Lindsey: [00:30:29] Oh my. Yeah. That for me it’s like so–when you read about in your like how is this happening when we spend 98 billion dollars a year in the you know birth world and then just on a, I guess nation viewpoint or nation view, is that we are terrible with more maternal mortality rate but even worse with black women you know and it’s like OK somebody take a step back and let’s review the whole process because it sucks.
Tracie Enis: [00:31:08] It sucks and it’s costly.
Lindsey: [00:31:10] Yeah.
Tracie Enis: [00:31:12] And on the other thing there really needs to be looked at it is insurance.
Lindsey: [00:31:15] I was just about to say that. What your opinion of the insurance game in our country?
[00:31:20] Is a scam I’m glad you said that. Insurance need to cover. They need to cover doula they have to cover doulas because we save not only do we save money but we also help save lives. And I had one of the members of the National Black doula association and recently identified a postpartum preeclampsic mom and the hospital released her. And then shortly thereafter she’s swollen I think within the 72 hour period she’s so swelling and she’s having all of these pre-eclampsic– All these signs. And they went back and of course it was postpartum preeclampsia but had the doula in the situation not identified it we would have had a mom go into a preeclampsia postpartum you know. So it’s and as a doula you have to understand even though your knowledge is you know your work, your scope is within not physical not medical you have to be aware to identify certain signs that best support the mom and what’s going on with her body.
Lindsey: [00:32:31] Right. And the doula, whether they’re doing midwifery birth or you know with an OBGYN they probably know this mom and that couple or you know whoever. On a deeper emotional level then let’s say at the hospital you know and so they can tell when something’s off. Exactly. And I tell people this I say your doula is going to be there with you through out. She’s the one consistent back or it’s her team or in that practice or in that group they’re the one consistent factor. But the nurses and the doctors depending on the shift are just meeting you for the very first time and they’re changing shifts too. So they’re not gonna–when they’re passing your information on as far as doing review before they come and introduce themselves to you they’re reviewing your chart. But wait what’s happening and how things are progressing. You’re not talking about what happened at home because they don’t–they’re not privy to that information.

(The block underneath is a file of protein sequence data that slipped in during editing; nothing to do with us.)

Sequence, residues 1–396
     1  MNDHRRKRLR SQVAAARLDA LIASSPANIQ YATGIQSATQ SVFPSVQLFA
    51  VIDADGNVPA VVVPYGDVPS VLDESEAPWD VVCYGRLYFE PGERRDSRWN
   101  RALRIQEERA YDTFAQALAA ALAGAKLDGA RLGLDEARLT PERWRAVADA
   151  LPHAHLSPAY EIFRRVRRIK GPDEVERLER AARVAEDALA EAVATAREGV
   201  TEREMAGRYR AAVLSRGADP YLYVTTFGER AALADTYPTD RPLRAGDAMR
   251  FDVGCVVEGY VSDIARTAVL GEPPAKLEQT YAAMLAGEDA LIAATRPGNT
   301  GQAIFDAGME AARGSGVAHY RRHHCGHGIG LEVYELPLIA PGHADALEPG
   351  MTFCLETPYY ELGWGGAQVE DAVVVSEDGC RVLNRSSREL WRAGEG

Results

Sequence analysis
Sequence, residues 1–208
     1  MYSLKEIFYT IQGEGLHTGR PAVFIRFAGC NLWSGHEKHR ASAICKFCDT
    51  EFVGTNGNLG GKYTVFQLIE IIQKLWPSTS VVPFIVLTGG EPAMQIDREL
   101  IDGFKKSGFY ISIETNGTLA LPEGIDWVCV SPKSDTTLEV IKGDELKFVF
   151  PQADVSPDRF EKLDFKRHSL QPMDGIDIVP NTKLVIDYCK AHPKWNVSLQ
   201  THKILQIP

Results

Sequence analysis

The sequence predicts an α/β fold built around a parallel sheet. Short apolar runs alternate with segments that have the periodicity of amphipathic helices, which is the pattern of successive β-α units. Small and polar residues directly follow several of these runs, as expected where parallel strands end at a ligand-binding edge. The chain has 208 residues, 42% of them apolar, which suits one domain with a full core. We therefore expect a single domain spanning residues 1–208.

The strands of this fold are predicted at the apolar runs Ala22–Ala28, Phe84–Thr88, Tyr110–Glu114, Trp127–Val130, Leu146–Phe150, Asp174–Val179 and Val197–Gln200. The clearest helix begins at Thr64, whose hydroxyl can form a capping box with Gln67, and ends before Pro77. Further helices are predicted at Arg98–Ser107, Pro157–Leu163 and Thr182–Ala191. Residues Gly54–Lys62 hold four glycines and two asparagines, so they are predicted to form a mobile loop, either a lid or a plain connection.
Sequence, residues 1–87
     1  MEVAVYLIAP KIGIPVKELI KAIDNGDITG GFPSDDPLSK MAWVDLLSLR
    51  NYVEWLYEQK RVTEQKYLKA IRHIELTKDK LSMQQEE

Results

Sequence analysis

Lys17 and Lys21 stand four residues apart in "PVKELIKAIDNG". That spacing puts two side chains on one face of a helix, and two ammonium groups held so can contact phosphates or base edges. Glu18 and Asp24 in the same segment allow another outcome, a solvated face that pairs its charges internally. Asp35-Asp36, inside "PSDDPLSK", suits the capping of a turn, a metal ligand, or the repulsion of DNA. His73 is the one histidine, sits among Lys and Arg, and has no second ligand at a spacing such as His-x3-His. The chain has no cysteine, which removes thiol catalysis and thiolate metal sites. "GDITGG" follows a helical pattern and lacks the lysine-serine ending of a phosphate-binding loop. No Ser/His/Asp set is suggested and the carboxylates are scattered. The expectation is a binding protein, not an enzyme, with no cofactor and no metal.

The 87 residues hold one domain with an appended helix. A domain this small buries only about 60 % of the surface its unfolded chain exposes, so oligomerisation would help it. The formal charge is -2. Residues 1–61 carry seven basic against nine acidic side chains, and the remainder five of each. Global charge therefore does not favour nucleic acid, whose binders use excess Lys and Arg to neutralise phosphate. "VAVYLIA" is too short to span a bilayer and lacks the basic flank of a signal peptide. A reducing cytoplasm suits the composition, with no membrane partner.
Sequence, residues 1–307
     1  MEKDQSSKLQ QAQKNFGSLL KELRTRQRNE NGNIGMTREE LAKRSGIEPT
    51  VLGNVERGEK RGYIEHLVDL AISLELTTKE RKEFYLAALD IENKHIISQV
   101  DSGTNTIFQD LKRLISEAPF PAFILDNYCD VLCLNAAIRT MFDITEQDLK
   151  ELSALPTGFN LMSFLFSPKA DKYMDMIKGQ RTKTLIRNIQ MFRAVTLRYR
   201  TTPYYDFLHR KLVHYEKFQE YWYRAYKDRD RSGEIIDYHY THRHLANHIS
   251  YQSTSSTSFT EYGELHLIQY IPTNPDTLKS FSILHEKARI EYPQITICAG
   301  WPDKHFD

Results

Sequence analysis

Lindsey: [00:33:25] So true. So how do we get insurance to cover preventative care?
Tracie Enis: [00:33:31] Oh my God. I have no idea that’s legislative. I think it’s organizations definitely like the Black Mommas Alliance who are doing the work on a political level but that’s where funding and money comes into play is because like whoever has the most money gets heard in D.C.
Tracie Enis: [00:33:52] Yeah basically. And you know our resources are are tapped. We don’t have the resources available to us than our counterparts necessarily would.